Letter to the Editor

Iran J Public Health, Vol. 45, No.12, Dec 2016, pp.1671-1672

Is Hair Lice Still a Public Health Problem? Abdolhossein DALIMI 1, *Behroz MAHDAVI POOR 1, 2, Jalil RASHEDI 2, Mohammad ASGHARZADEH 3, 4, Jalal ABDOLALIZADEH 5 1. Dept. of Parasitology, Faculty of Medical Sciences, Tarbiat Modares University, Tehran, Iran 2. Dept. of Laboratory Sciences, Faculty of Paramedicine, Tabriz University of Medical Sciences, Tabriz, Iran 3. Biotechnology Research Center, Tabriz University of Medical Sciences, Tabriz, Iran 4. Faculty of Paramedicine, Tabriz University of Medical Sciences, Tabriz, Iran 5. Drug Applied Research Center, Tabriz University of Medical Sciences, Tabriz, Iran *Corresponding Author: Email: [email protected] (Received 14 Apr 2016; accepted 15 May 2016)

Dear Editor-in-Chief Pediculosis capitis is a dermal parasitic disease. The causing agent, which develops the infestation in human being, is Pediculus humanus capitis. The human being is the specific host of the hair lice and this external parasite live on the scalp and the hair (1). Hair lice infestation is the most prevalent parasitic infection among children (2). It is a worldwide problem, with more frequency in developing countries (3). The highest degree of prevalence is seen among children 3-11 yr old, more in girls than boys is. Establishing a diagnosis requires observing the live lice instead of simply observing the hatched empty eggshells (nits). Combing is also a more effective way of detecting than visual inspection (2). All members of the family and the friends of the infested person should be inspected as well (4). Since louse is an obligate parasite and needs to nourish from human blood, it cannot stay alive in the absence of the host. Thus, the major way of transmission is head-to-head contact. The transmission via fomites such as, hat, comb, bedding and hair accessories may occur (2). Despite using strong insecticides and parents and health staff attempts, the management of head louse infestation is still aborted in many countries (5). The epidemiological studies in Europe indicate the great variety of the prevalence of 1% to 20% (1). In Iran, different prevalence rates have 1671

been reported among school going children in various parts of the country. The general prevalence is 4.7% (1.6% boys and 8.8% girls) (3). Ineffective control of hair lice is due to using ineffective pediculicides, increasing resistance of the lice against current pediculicides and the neurotoxic side effect of most of the pediculicides. Other factors include employing methods without proved clinical effectiveness, ignoring the transmission routes, the social stigma of the parents of the infested children. Therefore, the hair lice still remain a worldwide health problem among children (2, 5). In Iran, regarding the health and social progress in recent decades as well as educational enhancement of many parents, especially in large cities, people do not expect to find their children infested by hair lice. They consider the problem as something belonging to the past. In Iran, with increasing presence of women in different social fields and activities, the lifestyle is changing and many people send their children to daycare centers from early childhood. On the other hand, because of poor health super visionary action on the functions of day care centers, preschools and schools, and lack of knowledge of parents about the transmission routes and preventive measures, hair lice remains as a problem in the country. On the other hand, the management of the disease is Available at:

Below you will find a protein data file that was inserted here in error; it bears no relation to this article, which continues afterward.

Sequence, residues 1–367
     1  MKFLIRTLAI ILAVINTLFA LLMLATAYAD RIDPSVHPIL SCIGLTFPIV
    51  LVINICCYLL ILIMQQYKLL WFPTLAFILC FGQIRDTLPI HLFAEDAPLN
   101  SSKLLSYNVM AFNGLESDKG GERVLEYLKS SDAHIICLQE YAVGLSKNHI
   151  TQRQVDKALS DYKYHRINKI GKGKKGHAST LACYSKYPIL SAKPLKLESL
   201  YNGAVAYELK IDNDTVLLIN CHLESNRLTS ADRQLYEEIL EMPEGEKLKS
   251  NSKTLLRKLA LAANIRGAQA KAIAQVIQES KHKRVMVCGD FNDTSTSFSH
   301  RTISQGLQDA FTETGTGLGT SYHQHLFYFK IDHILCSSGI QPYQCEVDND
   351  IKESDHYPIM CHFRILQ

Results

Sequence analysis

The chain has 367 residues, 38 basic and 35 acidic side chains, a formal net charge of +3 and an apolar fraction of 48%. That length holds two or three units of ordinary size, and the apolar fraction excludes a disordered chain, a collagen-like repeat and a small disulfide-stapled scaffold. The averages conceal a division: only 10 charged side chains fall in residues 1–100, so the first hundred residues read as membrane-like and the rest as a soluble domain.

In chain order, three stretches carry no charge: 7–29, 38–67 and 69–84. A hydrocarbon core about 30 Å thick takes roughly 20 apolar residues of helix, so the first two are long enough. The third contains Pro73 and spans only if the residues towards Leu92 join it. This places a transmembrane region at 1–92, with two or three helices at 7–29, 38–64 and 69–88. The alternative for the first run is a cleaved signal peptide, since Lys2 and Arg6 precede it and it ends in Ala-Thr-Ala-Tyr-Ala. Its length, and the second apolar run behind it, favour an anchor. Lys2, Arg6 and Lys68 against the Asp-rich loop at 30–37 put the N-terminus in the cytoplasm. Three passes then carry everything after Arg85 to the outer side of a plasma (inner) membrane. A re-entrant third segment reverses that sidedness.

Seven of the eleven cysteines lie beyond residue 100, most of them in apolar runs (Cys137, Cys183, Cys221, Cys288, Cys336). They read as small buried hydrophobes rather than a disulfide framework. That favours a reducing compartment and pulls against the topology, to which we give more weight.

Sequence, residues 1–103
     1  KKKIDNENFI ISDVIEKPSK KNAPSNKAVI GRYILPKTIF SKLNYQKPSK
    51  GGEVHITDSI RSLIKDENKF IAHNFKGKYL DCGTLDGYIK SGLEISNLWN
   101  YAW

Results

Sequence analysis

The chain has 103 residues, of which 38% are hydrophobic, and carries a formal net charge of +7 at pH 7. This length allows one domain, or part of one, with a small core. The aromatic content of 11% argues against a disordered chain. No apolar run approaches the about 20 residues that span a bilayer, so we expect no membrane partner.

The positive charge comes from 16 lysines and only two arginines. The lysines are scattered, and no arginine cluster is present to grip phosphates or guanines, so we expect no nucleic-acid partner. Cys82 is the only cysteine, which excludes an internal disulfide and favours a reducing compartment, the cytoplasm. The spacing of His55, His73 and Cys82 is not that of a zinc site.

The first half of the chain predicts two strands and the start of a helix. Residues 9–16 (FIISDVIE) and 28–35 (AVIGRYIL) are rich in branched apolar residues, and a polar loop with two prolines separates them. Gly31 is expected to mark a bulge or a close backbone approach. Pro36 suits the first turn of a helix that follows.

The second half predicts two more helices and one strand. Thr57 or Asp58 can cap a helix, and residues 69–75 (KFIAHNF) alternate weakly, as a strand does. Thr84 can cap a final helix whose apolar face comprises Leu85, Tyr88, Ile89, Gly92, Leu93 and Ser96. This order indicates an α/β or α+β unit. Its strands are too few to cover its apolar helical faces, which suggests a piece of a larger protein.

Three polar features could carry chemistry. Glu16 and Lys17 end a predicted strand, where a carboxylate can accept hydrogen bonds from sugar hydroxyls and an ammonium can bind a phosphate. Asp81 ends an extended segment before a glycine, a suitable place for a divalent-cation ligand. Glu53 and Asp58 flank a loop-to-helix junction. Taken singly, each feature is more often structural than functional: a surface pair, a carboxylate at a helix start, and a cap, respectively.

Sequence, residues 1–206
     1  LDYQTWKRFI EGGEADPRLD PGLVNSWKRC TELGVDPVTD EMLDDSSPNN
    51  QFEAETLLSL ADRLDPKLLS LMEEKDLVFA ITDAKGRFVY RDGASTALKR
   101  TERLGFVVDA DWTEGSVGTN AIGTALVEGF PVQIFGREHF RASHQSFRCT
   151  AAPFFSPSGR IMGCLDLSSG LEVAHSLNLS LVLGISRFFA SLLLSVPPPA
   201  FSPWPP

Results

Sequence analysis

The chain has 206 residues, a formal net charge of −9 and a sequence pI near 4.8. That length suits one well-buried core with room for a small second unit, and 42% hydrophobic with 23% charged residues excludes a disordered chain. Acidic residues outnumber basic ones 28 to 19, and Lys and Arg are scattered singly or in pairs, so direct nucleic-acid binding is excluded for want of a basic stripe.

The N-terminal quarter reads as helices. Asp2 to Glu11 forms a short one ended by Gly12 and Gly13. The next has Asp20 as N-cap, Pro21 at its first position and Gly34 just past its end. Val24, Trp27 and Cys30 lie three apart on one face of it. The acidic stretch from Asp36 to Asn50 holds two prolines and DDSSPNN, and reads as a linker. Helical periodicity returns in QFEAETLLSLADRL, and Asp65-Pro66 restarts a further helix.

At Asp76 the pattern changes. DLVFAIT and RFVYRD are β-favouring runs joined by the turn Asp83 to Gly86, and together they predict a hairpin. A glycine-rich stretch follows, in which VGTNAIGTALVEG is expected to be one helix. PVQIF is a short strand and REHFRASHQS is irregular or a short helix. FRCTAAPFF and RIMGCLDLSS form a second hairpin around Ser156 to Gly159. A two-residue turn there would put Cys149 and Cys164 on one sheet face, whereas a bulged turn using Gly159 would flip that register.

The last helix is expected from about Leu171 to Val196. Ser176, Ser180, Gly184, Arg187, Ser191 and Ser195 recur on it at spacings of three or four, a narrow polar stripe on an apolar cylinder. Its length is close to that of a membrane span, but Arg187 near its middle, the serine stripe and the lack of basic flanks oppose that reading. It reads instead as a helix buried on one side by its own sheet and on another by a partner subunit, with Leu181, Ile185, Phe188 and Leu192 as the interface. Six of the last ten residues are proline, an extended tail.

Dalimi et al.: Is Hair Lice Still a Public Health Problem …

becoming more difficult regarding the easy transmission, side effects of the treatment, and the increasing resistance of the hair lice to pediculicides. As a result, increasing the awareness of parents, day care staff and school health educators on prevention methods are necessary for effective control of the infestation.

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Acknowledgements All authors declare that there is no conflict of interests.




1. Feldmeier H (2012). Pediculosis capitis: new insights into epidemiology, diagnosis and

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treatment. Eur J Clin Microbiol Infect Dis, 31:2105-10. Smith CH, Goldman RD (2012). An incurable itch Head lice. Can Fam Physician, 58:839-41. Moosazadeh M, Afshari M, Keianian H, Nezammahalleh A, Enayati AA (2015). Prevalence of head lice infestation and its associated factors among primary school students in Iran: A systematic review and Meta-analysis. Osong Public Health Res Perspect, 6: 346- 56. Leung AK, Fong JH, Pinto-Rojas A (2005). Pediculosis capitis. J Pediatr Health Care, 19:369-73. Mumcuoglu KY, Gilead L, Ingber A (2009). New insights in pediculosis and scabies. Expert Rev Dermatol, 4: 285-302.


Is Hair Lice Still a Public Health Problem?

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